Developmentally programmed HSF relocalization is distinct from that of other transcription factors

We asked if the cycle 13 re.localization of HSF in Oregon-R was part of a global change in transcription factor localization occurring just prior to the large scale transcriptional activation of the zygotic genome at cycle 14. RNA polymerase subunit IIc was nuclear in about half of cycle 7 embryos (Fig. 9), and nuclear in all cycle 8 embryos. TATA-binding protein (TBP) however, underwent a different pattern of re-localization. Prior to cycle 8, TBP was cytoplasmic (data not shown). In cycle 8, it was cytoplasmic in most embryos (Fig. 9) and nuclear in a few (data not shown). At cycle 9, many, but not all embryos exhibited nuclear localization (Fig 9). Notably within an individual embryo, all nuclei exhibited nuclear concentration of RNA polymerase subunit IIc or TBP at the same time. Thus, the nuclear targeting of these transcription factors is also developmentally regulated in an all-or-nothing manner but the timing is distinct from that of HSF.

The forms and features of embryogenesis differ greatly among eukaryotes. Yet embryos from organisms as diverse as sea urchins, fruit flies, frogs, and mice fail to express Hsp70 in response to heat shock (Roccheri et al., 1982; Morange et al., 1984; Heikkila et al., 1985; Arrigo and Tanguay, 1991). This restriction occurs in embryos that are transcriptionally active and is all the more striking because the induction of HSPs is a universal protective mechanism that operates in nearly all cell types. The failure to induce Hsp70 leaves embryos extremely vulnerable to environmental stresses. Experiments in Drosophila have provided a likely explanation for this puzzling phenomenon. Hsp70 protects the organism from the toxic effects of heat, but it impedes growth and division at normal temperatures (Feder et al., 1992; Krebs and Feder, 1997). Apparently, early embryos forgo the potential benefits of Hsp70 in stress tolerance to avoid its potential interference with the rapid and highly stereotyped divisions that characterize this stage of development. Here, we report the mechanism that restricts Hsp70 expression in Drosophila embryos: a cell-type and stage-specific restriction on the nuclear entry of HSF. This is the first report of developmentally regulated HSF transport, and the first case in which a mechanism for the embryonic restriction of Hsp70 synthesis has been elucidated.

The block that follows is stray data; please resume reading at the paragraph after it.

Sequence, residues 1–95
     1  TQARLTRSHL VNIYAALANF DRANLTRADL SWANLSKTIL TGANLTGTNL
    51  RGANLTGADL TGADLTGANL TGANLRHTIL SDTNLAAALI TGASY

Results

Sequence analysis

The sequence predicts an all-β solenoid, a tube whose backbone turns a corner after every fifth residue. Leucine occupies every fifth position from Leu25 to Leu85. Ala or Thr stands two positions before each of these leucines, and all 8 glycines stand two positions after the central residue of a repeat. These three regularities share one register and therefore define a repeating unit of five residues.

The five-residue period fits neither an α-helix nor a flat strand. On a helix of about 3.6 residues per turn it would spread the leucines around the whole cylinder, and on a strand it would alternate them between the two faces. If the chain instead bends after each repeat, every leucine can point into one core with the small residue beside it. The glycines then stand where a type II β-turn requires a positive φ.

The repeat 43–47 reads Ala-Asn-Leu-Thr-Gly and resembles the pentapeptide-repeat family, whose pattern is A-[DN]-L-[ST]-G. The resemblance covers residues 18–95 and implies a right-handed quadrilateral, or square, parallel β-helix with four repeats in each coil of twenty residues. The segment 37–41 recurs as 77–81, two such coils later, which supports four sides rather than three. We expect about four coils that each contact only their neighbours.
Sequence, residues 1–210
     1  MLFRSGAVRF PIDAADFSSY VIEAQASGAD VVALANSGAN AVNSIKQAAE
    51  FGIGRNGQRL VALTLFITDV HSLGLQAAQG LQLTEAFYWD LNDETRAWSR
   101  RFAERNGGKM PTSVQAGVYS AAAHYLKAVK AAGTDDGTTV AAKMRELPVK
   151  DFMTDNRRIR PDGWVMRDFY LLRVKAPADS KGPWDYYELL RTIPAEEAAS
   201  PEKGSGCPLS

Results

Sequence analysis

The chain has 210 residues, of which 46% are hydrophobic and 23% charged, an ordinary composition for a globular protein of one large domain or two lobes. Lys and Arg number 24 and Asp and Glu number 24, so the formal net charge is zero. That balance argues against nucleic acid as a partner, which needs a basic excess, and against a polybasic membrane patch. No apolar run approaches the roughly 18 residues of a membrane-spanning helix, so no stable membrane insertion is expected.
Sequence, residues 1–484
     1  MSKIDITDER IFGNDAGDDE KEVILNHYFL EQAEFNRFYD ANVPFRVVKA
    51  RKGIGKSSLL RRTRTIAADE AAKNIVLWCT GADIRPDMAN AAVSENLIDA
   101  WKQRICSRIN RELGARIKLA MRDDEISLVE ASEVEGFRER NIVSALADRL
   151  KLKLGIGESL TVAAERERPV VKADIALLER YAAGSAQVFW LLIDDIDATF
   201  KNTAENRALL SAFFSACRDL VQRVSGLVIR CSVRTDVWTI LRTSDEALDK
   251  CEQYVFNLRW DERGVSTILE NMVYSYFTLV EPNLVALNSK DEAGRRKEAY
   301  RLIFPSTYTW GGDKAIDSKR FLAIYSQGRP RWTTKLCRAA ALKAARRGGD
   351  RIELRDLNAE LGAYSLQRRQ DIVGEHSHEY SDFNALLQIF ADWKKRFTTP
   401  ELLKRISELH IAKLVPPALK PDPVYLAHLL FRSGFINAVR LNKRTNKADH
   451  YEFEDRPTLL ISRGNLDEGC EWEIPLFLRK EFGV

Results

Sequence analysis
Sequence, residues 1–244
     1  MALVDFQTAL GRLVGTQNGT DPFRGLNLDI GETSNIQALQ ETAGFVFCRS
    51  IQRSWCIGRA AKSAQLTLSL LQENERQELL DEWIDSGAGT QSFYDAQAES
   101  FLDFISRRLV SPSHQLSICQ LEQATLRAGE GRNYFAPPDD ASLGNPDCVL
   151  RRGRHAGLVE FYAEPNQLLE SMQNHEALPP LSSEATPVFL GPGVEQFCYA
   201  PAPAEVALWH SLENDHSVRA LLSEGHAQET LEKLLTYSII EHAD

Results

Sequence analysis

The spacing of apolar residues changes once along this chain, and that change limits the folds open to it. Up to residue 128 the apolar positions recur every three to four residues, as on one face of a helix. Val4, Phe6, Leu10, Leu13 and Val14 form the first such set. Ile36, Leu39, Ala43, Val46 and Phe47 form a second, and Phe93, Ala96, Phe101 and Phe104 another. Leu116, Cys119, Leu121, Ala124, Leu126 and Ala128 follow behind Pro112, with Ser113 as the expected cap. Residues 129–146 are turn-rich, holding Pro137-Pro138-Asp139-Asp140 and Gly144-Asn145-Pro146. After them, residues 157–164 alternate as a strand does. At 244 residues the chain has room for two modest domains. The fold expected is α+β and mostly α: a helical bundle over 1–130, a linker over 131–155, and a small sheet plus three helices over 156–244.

The link between Hsp70 inducibility and HSF nuclear import